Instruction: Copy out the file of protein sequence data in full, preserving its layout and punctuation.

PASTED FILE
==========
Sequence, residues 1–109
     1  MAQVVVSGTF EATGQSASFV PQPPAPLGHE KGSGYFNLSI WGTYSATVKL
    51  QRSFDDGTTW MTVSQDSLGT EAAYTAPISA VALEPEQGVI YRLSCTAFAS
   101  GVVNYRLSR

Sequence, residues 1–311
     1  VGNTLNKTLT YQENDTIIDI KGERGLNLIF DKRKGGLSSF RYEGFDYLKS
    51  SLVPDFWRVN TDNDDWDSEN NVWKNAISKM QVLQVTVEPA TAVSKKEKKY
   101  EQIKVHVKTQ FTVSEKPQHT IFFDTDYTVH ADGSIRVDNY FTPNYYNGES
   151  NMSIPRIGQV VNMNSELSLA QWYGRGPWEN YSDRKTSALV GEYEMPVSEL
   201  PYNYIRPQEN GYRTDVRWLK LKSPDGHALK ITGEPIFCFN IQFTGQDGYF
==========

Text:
Sequence, residues 1–109
     1  MAQVVVSGTF EATGQSASFV PQPPAPLGHE KGSGYFNLSI WGTYSATVKL
    51  QRSFDDGTTW MTVSQDSLGT EAAYTAPISA VALEPEQGVI YRLSCTAFAS
   101  GVVNYRLSR

Sequence, residues 1–311
     1  VGNTLNKTLT YQENDTIIDI KGERGLNLIF DKRKGGLSSF RYEGFDYLKS
    51  SLVPDFWRVN TDNDDWDSEN NVWKNAISKM QVLQVTVEPA TAVSKKEKKY
   101  EQIKVHVKTQ FTVSEKPQHT IFFDTDYTVH ADGSIRVDNY FTPNYYNGES
   151  NMSIPRIGQV VNMNSELSLA QWYGRGPWEN YSDRKTSALV GEYEMPVSEL
   201  PYNYIRPQEN GYRTDVRWLK LKSPDGHALK ITGEPIFCFN IQFTGQDGYF